Millwood, who turns 35 later this month, earned that vested option after pitching more than 180 innings in 2009. He was 13-10 with a 3.67 ERA in 198 2/3 innings pitched. He did have lower back and gluteus muscle soreness in September but returned to finish the season.
Ray was a former closer for the Orioles before surgery to repair ligament damage in his right elbow set him back. He was 0-4 with a 7.27 ERA in 46 appearances in 2009. Ray, 27, has 49 career saves for the Orioles. Ray’s best season was 2006, when he sported a 2.73 ERA and had 33 saves.
Texas made this trade strictly for financial reasons. Acquiring Ray in light of recent health and performance. The worth of Millwood to the Orioles, who will be his fifth MLB team, isn’t likely to be a whole lot more in light of Millwood’s age and lack of durability. This could end up as a nothing for nothing deal.
This takes place the day after the Florida Marlins shell the veteran righty. From AP-
The Milwaukee Brewers made big changes to their thin bullpen on Tuesday.
One day after reliever Jorge Julio allowed five runs while facing six batters in the sixth inning of Milwaukee’s 7-4 loss to the Florida Marlins, the Brewers released the right-hander.
Julio entered Monday night’s game in Miami with Milwaukee leading 4-2. He gave up two hits, hit two batters, walked one and another reached on an error. Signed to a one-year, $950,000 deal in the offseason, Julio was let go Tuesday after going 1-1 with a 7.79 ERA in 15 appearances.
The Brewers called up right-hander Mike Burns from Triple-A Nashville. Burns was 6-2 with a 2.98 ERA for the Sounds.
Milwaukee’s manager says the bullpen is thin. Which it is, particularly after David Riske was lost for the season after elbow surgery.
Julio, who has played for eight ML teams since 2001, throws very hard. Something baseball managers like. I expect a ninth team to take a chance on him before the 2009 season is over. Perhaps even by the 4th of July.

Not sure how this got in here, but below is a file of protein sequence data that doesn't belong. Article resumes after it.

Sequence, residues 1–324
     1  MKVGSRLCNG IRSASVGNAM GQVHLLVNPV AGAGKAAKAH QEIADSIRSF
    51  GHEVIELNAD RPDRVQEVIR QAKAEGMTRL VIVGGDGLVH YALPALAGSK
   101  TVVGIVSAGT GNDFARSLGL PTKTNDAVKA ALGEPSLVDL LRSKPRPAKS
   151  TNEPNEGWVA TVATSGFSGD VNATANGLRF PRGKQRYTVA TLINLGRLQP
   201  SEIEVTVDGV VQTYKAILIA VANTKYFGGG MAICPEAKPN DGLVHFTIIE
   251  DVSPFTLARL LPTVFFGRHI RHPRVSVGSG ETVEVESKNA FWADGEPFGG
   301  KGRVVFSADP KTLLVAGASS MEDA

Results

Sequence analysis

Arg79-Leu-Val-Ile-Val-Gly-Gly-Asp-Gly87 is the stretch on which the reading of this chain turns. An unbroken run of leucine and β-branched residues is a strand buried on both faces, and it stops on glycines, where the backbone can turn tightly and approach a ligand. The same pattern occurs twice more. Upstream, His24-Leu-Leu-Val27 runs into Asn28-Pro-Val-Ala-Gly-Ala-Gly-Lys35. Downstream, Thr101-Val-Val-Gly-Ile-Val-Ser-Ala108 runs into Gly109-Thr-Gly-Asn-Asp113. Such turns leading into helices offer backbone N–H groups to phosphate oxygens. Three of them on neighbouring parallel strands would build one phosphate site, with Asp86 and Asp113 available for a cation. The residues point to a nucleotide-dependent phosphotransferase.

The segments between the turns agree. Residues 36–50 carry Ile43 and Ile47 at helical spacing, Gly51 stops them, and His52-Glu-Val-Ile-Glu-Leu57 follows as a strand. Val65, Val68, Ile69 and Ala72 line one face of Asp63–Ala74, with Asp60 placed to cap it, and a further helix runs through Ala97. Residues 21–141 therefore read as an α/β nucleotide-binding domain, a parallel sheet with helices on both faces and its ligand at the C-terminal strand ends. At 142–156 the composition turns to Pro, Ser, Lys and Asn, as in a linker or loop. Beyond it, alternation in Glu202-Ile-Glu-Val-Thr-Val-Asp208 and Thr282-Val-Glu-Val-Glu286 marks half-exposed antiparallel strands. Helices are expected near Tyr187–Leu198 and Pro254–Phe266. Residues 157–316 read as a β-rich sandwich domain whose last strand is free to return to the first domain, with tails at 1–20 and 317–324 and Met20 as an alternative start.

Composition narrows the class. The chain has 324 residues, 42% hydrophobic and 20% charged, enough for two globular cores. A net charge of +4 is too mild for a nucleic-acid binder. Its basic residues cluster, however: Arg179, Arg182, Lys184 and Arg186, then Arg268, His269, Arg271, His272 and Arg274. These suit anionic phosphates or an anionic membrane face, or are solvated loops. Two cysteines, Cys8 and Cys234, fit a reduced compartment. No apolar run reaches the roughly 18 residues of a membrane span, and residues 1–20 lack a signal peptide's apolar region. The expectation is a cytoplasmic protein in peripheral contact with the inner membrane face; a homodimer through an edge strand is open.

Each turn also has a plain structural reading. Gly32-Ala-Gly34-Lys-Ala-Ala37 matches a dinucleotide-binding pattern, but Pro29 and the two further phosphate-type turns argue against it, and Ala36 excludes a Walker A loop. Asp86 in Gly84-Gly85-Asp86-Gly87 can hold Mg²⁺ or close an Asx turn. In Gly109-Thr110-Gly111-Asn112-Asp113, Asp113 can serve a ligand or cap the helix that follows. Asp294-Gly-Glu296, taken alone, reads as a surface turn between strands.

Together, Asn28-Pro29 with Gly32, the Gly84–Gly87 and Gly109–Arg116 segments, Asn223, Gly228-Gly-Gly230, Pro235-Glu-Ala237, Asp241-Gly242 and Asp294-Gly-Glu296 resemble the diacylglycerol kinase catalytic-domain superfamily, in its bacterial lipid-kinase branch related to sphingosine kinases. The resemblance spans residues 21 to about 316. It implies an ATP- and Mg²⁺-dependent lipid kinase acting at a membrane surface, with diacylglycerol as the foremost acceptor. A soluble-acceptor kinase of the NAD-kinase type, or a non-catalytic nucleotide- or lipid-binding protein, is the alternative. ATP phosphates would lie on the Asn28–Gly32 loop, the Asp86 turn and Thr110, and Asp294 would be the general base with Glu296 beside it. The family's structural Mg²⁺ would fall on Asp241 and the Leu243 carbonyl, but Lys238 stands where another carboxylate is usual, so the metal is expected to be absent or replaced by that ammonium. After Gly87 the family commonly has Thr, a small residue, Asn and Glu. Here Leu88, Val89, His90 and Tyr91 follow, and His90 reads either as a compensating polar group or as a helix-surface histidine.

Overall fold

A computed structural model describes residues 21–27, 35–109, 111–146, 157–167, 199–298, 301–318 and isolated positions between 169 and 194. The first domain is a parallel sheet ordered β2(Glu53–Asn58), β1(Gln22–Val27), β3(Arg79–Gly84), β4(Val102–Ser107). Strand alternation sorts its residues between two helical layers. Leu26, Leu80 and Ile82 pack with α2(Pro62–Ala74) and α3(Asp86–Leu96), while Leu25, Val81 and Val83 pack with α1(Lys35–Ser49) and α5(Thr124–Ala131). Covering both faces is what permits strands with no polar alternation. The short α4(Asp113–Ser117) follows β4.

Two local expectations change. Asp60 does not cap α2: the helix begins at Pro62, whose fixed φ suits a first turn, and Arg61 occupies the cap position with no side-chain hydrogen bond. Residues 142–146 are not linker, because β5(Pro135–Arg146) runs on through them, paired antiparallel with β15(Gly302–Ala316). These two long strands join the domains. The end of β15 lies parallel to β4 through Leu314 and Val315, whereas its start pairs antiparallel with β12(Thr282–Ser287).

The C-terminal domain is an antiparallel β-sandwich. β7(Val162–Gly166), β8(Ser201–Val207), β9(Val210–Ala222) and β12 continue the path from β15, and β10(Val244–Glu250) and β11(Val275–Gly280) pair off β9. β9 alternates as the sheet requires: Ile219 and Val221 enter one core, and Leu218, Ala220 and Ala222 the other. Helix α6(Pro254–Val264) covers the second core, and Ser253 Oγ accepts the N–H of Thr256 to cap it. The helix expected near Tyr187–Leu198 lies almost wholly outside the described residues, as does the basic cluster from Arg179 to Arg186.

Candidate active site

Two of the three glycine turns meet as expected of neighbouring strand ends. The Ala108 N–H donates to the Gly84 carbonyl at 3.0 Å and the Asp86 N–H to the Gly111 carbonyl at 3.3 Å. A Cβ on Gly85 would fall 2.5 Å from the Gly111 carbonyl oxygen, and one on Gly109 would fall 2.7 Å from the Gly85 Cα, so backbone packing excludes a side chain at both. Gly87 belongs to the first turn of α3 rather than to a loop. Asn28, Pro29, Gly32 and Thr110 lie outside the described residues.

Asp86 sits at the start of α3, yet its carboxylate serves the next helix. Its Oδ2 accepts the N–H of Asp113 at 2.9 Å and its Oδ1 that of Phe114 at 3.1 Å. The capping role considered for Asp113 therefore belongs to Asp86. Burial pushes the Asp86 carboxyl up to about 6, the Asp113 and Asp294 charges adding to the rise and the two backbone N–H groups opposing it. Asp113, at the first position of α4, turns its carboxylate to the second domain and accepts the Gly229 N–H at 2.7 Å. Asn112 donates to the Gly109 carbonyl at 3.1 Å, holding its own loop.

He keeps going at the age of 46. From AP-
Jamie Moyer reached a rare mark for a pitcher, becoming the 44th to win 250 games. The veteran Phillies left-hander would have been just as happy if it was his first.
Moyer went six strong innings to lead the Phillies to their third straight victory, 4-2 over the bumbling Washington Nationals on Sunday.
The 46-year-old Moyer is only the 11th left-hander to join the exclusive 250-win list. And despite his teammates’ postgame champagne toast, Moyer’s words lacked the excitement one might expect after such a rare achievement.
“It’s not about the personal things, I’m more excited about us winning,” Moyer said. “I really haven’t thought about [winning 250]. It takes so much effort to prepare and play. I was taught to play the game as a team, not as an individual. When you play 20-some years, some of these things can happen.”
Moyer has been in the majors for twenty-three seasons and has played for seven different teams. He has owned the Florida Marlins. He is 10-1 against them lifetime.
I doubt Moyer will be elected to the Baseball Hall of Fame after his career is over. Left handers Jim Kaat and Tommy John have more wins and haven’t made it to Cooperstown.